15 March 2008

Last Blast of Winter

While Megan is "whinging" about the 40-degree Indian Summer temperatures in Melbourne, Australia, I wanted to post some pictures from last weekend, when Tennessee received what I hoped would be our last blast of winter.

We awoke Saturday morning to three inches of snow--our largest snowfall of the winter. I had planned to take the boys to a Christian kids' conference, but I walked out to Highland Drive, then Highway 109, only to find that both were still covered with snow!

Later in the morning we went out to enjoy the snow.Owen decided to try out his biking skills on the snow-covered driveway. It's pretty clear (above) how that turned out. Maybe his knobby tires weren't knobby enough.

Jenny and Jo-Jo worked on a snowman, giving him arms, legs, and a baby-carrot nose. Owen named the snowman "Mr. Michael." By 3 p.m. the snow was melting. As we ate dessert, we saw the snowman teeter over and collapse on his side. By Wednesday night all that was left of him was a snowball--the last snowball in Tennessee, I figured.

I spent the day working on the church website. It isn't quite ready yet, but it was a fun way to spend a day indoors.

07 March 2008

My Summer with the Whales

I haven't yet gotten to share with you my Christmas present--one of the greatest gifts I've ever been given.

Julie was here for Christmas. I gave her a framed map that had pictures of our road trip along the Santa Fe Trail last summer. She gave me a T-shirt from Hard Rock Cafe London.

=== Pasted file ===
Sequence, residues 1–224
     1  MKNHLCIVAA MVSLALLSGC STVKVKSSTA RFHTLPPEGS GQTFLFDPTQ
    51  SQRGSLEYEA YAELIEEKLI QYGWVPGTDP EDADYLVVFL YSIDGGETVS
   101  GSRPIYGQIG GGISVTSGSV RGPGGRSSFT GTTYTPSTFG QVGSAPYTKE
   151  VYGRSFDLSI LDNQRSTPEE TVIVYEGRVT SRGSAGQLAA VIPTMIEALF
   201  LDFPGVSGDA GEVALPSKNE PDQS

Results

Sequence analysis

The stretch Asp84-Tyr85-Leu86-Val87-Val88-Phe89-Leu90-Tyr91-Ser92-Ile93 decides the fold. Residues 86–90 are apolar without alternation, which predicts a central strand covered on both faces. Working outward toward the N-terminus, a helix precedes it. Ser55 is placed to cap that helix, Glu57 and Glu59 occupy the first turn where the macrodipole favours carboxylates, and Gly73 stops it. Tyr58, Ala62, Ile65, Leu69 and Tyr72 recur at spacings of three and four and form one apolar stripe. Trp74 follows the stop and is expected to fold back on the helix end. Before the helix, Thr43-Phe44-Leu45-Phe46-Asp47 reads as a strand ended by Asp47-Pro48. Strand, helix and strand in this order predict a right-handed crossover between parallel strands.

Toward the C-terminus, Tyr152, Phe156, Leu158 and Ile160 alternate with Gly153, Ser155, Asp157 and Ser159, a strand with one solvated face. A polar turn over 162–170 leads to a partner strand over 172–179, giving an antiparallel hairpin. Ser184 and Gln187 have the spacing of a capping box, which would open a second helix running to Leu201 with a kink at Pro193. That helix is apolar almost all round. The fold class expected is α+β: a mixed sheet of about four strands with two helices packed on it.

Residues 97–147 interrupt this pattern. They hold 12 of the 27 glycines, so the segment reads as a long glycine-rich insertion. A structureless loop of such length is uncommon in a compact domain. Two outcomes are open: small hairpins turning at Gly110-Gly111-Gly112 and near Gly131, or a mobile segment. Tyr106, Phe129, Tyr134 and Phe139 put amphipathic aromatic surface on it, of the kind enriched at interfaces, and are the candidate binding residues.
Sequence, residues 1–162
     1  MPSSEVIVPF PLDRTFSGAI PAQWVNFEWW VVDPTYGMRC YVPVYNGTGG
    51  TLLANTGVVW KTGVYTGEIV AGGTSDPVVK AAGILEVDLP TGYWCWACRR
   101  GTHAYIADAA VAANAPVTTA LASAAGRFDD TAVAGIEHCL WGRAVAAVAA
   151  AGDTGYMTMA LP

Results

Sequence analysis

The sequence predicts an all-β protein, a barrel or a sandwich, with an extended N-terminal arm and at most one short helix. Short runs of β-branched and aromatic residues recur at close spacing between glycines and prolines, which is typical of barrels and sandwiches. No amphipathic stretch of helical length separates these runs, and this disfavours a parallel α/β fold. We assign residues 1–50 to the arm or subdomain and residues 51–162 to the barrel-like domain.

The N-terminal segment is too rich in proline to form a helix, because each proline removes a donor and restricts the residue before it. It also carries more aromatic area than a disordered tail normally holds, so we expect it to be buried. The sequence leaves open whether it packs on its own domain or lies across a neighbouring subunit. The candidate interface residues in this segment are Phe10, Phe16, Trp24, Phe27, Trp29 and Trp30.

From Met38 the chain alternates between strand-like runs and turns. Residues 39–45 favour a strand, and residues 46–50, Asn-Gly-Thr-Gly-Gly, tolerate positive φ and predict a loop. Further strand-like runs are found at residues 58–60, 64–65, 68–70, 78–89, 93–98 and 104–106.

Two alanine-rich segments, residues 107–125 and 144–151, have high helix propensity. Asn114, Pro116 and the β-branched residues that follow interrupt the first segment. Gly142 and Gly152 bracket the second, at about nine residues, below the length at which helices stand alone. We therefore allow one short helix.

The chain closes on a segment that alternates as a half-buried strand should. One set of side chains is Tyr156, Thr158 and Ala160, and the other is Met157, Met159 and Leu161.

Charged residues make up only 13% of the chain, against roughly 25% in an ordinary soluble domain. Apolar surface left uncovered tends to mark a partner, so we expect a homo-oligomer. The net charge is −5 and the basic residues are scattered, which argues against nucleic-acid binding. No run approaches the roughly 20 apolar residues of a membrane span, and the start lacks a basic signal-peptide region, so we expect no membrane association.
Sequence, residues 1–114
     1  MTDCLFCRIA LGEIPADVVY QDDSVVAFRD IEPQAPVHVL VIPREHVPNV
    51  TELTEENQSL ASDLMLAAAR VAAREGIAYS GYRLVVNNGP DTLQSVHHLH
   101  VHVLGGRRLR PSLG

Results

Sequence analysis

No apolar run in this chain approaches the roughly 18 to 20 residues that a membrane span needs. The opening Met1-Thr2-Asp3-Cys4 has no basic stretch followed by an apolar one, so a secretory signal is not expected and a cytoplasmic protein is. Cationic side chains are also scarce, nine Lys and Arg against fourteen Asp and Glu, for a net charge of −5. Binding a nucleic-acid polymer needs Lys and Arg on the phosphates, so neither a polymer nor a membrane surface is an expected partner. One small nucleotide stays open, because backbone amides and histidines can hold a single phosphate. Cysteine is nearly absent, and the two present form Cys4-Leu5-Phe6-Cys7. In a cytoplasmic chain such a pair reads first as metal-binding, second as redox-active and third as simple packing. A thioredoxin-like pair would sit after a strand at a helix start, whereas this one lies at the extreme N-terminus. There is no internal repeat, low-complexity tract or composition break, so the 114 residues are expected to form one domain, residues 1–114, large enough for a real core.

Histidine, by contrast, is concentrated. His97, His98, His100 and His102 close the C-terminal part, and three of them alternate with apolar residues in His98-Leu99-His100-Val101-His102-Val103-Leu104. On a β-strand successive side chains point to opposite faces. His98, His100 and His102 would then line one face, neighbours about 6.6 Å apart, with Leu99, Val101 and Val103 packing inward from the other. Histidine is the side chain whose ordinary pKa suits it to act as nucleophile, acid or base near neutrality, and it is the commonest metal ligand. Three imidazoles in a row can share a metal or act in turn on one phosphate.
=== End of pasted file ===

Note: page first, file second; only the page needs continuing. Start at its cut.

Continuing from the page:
(That place has special memories for us. The year I was at Newbold, she and Mom came over at Christmas Break. The first night they were there, Mom slept off jet lag while Julie and I took a walk, ending up at the HRC, where we had to yell above the music to catch up on four months apart.)

I had told Julie that the money probably wouldn't be there for a road trip this summer. Julie had a great idea to alternate East and West road trips. Later that night she told me, "I've been talking with Don about this summer." OK. "If you would be willing to plan the trip, we will rent an RV and pay for gas. All you would need to cover is food and admissions."

I have to plan a trip? Really?

That was an incredible gift before oil soared above $100 a barrel. I live to plan awesome road trips--as many of you know. Within seconds I had a plan for an epic journey.

Last summer we followed the greatest of American mammals--the bison--across the prairie. This summer we will focus on The Whale.